2D brain mapping: gene expression and spatial location
Let’s try a little game. If I’d show you only parts of a famous building: a column, part of a wall, the ceiling…Would you be able to tell me which building it is I am telling you about? Most likely not. With these elements you could still doubt whether I am talking about an old Greek temple or the White House. To be able to tell with certainty you’d need some spatial information like where’s the building.
Now, let’s move inside your brain. In it there are many different types of neurons, and each of them is characterized by the expression of a different set of genes, even if some of those genes might be expressed by more than one type of neuron (as if two buildings in the world would have the same type of columns) and the best way to tell them apart is by having spatial information about their whereabouts in the brain.
Can we do that? It seems that now we can, at least according to a new paper by Grange et al. 1.
In recent years the advent of high throughput technologies has allowed for developments like the Allen Brain Atlas (ABA). A spatial gene expression map of the mouse brain for around 20.000 genes. One of its shortcomings is that it cannot distinguish between cell types. If two genes appeared colocalizing in the same brain area it’d be hard to tell if they’re both expressed by the same cell or there are 2 different cell types. On the other hand, another kind of approach allows to read out the full genetic profile of a certain type of brain cell, say an excitatory neuron or an astrocyte, but that’s all. What the authors of this paper did was to combine those two approaches into a model so that given a certain gene profile for a cell it would be possible to find a spatial location for it within the brain.
The first thing they did was to correlate the transcriptome of each of 64 distinct brain cell types to the gene expression data of the ABA at each voxel – a voxel being a unit in 3D space, in this case of 200 microns-. In some cases, the correlation pattern observed corresponded to that of the region from which the cells where extracted. For example, cortical pyramidal neurons were mostly correlated with the cerebral cortex. However these correlations are insufficient to tell whether a cell will be sitting at a certain brain location since they say nothing about cell type density. Therefore the need for a model based on the transcriptome data as well as the spatial density of cell types at each voxel. To do so for each cell type they ranked with higher values those brain areas in the ABA that contributed more to its correlation and density profile.
In general, as a result from this model they could observe a large degree of left-right symmetry (even if the ABA dataset is not complete for all regions). They also found distinct spatially nonhomogeneus patterns for the predicted densities of 4 cerebellar cell types. Another interesting finding was that the densities of very similar cell types are negatively correlated and therefore for the model to work they should be taken together.
To assess the robustness of their model, they performed a series of tests. First they removed those genome profiling datasets suspect of contamination, and saw that except for one cell type that yielded weird results the general cell type densities remained unchanged. Then they compensated for potential cross-hybridization of microarray data and underrepresentation of certain cell types. When the problem is missing genes they tested random subsampling of 200 genes at a time to get a ranking of the cell types that were more impervious to the missing genes. So, for instance, among the top 15 cell types are pyramidal neurons.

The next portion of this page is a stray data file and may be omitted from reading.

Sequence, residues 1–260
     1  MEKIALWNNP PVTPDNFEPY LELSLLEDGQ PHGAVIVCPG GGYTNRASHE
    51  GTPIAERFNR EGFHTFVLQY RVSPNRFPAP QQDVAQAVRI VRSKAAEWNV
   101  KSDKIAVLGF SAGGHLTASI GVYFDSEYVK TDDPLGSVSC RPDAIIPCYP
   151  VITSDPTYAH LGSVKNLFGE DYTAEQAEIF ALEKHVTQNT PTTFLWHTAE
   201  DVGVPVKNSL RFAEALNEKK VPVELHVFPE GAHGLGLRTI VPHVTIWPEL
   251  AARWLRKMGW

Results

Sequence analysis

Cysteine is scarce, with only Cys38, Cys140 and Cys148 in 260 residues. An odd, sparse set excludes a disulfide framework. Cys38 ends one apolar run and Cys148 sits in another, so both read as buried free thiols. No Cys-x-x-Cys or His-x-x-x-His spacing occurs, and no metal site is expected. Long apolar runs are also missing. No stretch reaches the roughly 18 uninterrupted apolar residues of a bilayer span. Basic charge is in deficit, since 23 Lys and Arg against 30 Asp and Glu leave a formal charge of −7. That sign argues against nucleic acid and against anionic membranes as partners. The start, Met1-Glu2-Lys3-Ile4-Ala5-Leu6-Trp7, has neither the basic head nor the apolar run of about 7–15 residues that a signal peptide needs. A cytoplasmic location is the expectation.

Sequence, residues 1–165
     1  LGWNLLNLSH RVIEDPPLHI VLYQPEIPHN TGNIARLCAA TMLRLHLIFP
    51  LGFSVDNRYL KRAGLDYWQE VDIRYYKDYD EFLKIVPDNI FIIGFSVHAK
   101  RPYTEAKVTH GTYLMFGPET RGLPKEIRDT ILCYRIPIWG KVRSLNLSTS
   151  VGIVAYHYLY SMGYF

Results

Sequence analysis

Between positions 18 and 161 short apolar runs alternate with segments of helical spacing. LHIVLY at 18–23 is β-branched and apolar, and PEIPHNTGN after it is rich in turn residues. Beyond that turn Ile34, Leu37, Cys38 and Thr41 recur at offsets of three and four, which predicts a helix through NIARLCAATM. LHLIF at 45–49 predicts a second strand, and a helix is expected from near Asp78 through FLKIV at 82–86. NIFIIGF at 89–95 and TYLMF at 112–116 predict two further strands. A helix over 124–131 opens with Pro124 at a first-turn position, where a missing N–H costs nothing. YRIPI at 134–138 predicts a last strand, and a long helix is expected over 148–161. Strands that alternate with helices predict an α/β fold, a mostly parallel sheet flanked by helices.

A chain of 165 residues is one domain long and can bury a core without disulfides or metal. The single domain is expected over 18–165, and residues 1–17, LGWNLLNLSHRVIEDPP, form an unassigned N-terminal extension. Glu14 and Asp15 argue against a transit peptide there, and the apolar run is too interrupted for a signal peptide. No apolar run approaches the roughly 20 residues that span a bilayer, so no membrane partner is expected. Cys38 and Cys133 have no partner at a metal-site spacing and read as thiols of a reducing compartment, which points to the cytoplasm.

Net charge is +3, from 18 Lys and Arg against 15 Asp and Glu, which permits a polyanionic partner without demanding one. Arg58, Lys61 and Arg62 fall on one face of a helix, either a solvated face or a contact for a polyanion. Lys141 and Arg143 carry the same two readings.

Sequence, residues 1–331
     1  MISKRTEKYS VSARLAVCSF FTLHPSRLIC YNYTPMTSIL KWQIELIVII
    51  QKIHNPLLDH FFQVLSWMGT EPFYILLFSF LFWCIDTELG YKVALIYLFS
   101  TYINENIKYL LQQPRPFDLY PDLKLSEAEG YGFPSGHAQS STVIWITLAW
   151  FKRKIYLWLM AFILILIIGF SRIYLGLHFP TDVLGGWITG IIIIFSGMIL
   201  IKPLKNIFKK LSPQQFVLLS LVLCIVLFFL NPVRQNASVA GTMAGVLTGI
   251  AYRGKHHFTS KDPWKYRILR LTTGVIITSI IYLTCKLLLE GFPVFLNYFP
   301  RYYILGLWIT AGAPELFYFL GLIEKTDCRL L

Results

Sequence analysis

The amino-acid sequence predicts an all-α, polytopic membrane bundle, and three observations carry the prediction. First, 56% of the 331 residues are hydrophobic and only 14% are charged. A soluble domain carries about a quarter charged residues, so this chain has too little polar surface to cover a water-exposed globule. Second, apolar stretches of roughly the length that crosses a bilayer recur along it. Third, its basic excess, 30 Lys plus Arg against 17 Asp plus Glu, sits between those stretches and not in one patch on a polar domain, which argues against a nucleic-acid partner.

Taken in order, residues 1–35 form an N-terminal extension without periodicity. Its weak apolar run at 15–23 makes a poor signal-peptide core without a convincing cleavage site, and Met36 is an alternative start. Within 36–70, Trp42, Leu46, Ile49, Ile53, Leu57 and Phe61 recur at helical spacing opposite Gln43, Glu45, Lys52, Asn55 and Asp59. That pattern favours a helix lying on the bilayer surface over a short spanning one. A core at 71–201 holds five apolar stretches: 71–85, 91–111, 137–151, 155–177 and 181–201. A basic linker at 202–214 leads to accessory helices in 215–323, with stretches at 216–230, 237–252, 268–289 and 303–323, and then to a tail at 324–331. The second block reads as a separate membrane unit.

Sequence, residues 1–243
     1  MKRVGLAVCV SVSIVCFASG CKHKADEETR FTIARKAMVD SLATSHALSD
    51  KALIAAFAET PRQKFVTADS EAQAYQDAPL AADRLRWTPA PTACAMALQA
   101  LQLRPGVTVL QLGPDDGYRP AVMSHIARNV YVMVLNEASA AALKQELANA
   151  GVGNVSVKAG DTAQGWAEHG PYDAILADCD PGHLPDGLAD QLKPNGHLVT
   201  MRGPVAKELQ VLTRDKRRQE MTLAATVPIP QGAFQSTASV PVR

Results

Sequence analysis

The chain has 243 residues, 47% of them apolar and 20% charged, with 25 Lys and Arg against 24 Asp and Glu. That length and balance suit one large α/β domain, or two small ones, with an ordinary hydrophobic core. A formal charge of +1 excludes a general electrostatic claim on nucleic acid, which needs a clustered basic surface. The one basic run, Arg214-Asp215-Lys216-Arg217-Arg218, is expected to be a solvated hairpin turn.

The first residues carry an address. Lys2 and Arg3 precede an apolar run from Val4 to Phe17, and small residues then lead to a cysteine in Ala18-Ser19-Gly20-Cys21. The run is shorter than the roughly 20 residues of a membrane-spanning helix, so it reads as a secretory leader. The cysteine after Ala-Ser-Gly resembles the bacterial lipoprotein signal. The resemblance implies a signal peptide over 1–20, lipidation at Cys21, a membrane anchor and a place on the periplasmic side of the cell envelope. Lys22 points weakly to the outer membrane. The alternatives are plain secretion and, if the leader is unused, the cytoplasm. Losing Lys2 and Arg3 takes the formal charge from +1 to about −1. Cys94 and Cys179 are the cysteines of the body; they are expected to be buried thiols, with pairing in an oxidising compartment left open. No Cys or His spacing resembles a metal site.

Once proved their model is robust and a good predictor of spatial location of cell types they also characterized the probability of colocalizing genes of being part of the same biochemical path, getting a higher than chance probability. Which is not surprising, really.
In the discussion the authors are aware of the issue of the ABA being single time snapshot maps while the transcriptome data might vary since expression patterns change during development and the different states of brain activation. Which I find a mayor problem. However, they point out that the cell type densities predicted allow for the emergence of brain regions, even despite the issues with the incomplete datasets, so they are confident of the validity of their method to annotate cell transcriptomes to brain regions, at least for the mouse. For the human we’ll have to wait since the ABA map is far from complete and samples are scarce.
So, to wrap up Grange et al. have created a mathematical model based on experimental data coming from both single cell transcription studies and the gene mapping Allen Brain Atlas to be able to spatially map a cell type based on its genetic profile. Even though the method still has some issues that need improving it’ll be a very useful tool for brain scientists. Now it will be easier to link function to cell types and therefore to gene networks in health and disease since we know -more or less- from fMRI and other studies the functionality of brain areas so we will be able to add one plus one. Another step forward in this long run towards knowledge in neuroscience.
- Grange P., Bohland J.W., Okaty B.W., Sugino K., Bokil H., Nelson S.B., Ng L., Hawrylycz M. & Mitra P.P. (2014). Cell-type-based model explaining coexpression patterns of genes in the brain, Proceedings of the National Academy of Sciences, 111 (14) 5397-5402. DOI: 10.1073/pnas.1312098111 ↩